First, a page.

Casteel: It’s absolutely a part of their learning. That freedom to fail and the formative assessment that we can complete in this type of environment is so critical to their own self-confidence when they go out and are working with live patients, so it's almost necessary. They need to explore, because at the heart of clinical judgment is decision-making and how we determine next steps. For students to be able to think that way, they have to start thinking about not only the decisions they're making, but why they're making them, what the risks are, and making alternative decisions.

That's exactly what virtual simulation provides is the opportunity to explore and make a decision. Maybe it's not the right one, but now you've got this opportunity, this excellent opportunity, to explore that decision in a more meaningful way, so that you can try again.

HL: What does the new vrClinicals for Nursing technology bring to your students that previous platforms don’t?

Casteel: Primarily, the concept of having multiple patients, diverse patient experiences, and that idea of learning to multitask. So often, virtual products are focused on a single patient at a single time and there's a lot of limits to that. We can do a lot to enhance even those experiences and we do because we love all virtual clinical experiences.

But this is unique because it is much more like what you would expect in an actual facility or on the job: multiple patients, diverse conditions, and things to consider. They’re fully built out, so there's their story, their history, the chart, and everything else, so students get to dive in and learn a lot about the patients before coming into clinical, which is extremely important and something they can’t do currently.

The level of urgency is a little different. With most virtual experiences, the student has a little bit more control over that urgency and that feeling of stress, because they can hit a pause button and they’re focused on one single patient. This experience really does require them to be in a mode of thinking, “What is the next best thing to do if I've got 10 conflicting priorities?” They have to think that through and articulate that to their instructor. It’s so much more complex, but in a positive way.

What’s really interesting about this experience is the way it weaves in and out of clinical urgency and then into contemplation and reflection, and then back into clinical urgency and back out into reflection, contemplation, and discussion. That’s good for a lot of reasons, but mostly for the deeper learning that can occur in that guided experience.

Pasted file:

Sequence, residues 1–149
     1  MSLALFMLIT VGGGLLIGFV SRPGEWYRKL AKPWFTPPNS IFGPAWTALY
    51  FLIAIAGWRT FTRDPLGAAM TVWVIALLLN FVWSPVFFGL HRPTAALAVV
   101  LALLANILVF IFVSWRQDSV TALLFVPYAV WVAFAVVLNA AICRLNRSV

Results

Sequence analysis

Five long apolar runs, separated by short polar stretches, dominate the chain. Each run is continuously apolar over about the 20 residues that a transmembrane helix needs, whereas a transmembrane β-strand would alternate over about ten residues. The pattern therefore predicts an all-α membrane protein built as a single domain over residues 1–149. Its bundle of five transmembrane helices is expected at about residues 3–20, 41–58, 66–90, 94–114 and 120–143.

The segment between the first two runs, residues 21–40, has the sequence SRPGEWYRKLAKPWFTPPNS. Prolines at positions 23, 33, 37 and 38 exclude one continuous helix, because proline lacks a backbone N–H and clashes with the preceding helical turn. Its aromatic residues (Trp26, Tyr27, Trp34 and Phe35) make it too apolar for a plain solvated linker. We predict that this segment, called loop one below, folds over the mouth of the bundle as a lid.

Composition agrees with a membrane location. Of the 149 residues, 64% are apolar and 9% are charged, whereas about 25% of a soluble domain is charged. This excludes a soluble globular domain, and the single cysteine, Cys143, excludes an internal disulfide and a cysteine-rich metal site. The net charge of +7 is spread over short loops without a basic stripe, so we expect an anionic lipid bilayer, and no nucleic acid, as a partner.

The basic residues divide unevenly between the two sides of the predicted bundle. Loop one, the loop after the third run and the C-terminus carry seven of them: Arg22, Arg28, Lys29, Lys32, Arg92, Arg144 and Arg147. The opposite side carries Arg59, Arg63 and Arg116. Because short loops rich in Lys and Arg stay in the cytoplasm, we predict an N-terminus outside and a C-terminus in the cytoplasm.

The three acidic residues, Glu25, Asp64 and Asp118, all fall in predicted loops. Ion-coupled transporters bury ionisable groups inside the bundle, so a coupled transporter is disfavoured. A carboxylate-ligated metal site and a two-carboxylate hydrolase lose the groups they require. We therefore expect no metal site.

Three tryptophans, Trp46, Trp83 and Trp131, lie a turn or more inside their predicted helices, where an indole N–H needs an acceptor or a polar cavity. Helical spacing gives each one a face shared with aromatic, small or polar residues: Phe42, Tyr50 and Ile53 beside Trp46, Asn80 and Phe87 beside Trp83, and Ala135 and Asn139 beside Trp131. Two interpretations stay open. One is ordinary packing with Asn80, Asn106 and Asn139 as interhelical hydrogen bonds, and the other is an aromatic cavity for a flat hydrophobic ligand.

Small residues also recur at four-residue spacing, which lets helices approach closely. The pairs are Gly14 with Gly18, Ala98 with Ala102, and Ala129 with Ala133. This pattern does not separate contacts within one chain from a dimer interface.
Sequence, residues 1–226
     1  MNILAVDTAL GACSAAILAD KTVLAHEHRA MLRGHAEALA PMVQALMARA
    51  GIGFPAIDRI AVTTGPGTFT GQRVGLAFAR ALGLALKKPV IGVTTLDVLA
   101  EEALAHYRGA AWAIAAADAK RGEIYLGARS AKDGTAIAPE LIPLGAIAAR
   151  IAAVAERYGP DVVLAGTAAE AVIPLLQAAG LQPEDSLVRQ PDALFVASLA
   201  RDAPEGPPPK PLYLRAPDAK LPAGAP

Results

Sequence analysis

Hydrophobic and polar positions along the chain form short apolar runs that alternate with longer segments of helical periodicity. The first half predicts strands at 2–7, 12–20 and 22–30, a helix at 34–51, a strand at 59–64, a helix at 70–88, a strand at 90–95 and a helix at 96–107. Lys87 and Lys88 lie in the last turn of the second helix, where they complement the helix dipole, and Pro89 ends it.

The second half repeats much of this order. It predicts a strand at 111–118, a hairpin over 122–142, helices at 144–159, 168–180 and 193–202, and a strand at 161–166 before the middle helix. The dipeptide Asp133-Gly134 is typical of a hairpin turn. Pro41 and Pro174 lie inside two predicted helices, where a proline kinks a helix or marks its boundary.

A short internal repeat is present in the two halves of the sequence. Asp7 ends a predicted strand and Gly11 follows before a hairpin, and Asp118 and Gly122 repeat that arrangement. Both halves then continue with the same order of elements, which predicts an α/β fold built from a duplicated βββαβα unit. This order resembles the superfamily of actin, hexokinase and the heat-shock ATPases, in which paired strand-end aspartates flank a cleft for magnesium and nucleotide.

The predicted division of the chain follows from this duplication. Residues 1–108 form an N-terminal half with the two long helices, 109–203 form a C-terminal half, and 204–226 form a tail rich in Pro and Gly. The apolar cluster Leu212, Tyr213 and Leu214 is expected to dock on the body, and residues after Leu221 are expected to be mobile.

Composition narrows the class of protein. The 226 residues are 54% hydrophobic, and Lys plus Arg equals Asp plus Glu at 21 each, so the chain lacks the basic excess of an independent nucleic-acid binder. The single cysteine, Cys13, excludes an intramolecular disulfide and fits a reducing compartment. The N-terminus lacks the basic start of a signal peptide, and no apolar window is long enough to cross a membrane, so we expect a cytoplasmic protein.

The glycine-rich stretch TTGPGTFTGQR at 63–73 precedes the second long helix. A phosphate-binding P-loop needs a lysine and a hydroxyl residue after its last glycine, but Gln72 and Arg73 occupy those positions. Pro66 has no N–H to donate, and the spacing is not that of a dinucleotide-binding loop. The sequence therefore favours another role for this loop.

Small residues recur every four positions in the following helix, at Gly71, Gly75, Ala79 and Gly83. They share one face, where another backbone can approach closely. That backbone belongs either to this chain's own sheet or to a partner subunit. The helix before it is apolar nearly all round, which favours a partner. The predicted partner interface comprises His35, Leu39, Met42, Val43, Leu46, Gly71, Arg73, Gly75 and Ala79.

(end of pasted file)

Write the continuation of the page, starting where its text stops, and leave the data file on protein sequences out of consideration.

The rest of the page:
HL: How do the students feel about using virtual simulation technology?

Casteel: For a decade or so, we've had this interesting group consisting of very experienced techies and also some who didn’t want anything to do with it. But what we're seeing now, especially post-pandemic, is even those who were a little late to the game are now accustomed to using technology for everything.

We use our phones for everything, so there’s much less resistance. They’re almost drawn to it because that is now the norm. If the experience itself is meaningful, students report that not only did they learn something, but they were given that brain space to think about what they were learning so it sticks a little bit more. And they're going to be able to go tomorrow and explain that to somebody because it was an experience and not simply following a nurse and trying to mimic behavior. So, when it's done well, students really like it.

“What virtual simulation provides is the opportunity to explore and make a decision. Maybe it's not the right one, but now you've got this opportunity, this excellent opportunity, to explore that decision in a more meaningful way, so that you can try again.”

Carol Davis is the Nursing Editor at HealthLeaders, an HCPro brand.

Photo credit: Courtesy of Wolters Kluwer


New virtual reality technology immerses nursing students in an authentic, virtual clinical environment.

Freedom to fail without harming a patient is a major learning component of VR instruction.

The new vrClinicals for Nursing technology provides a level of urgency that nursing students need to manage.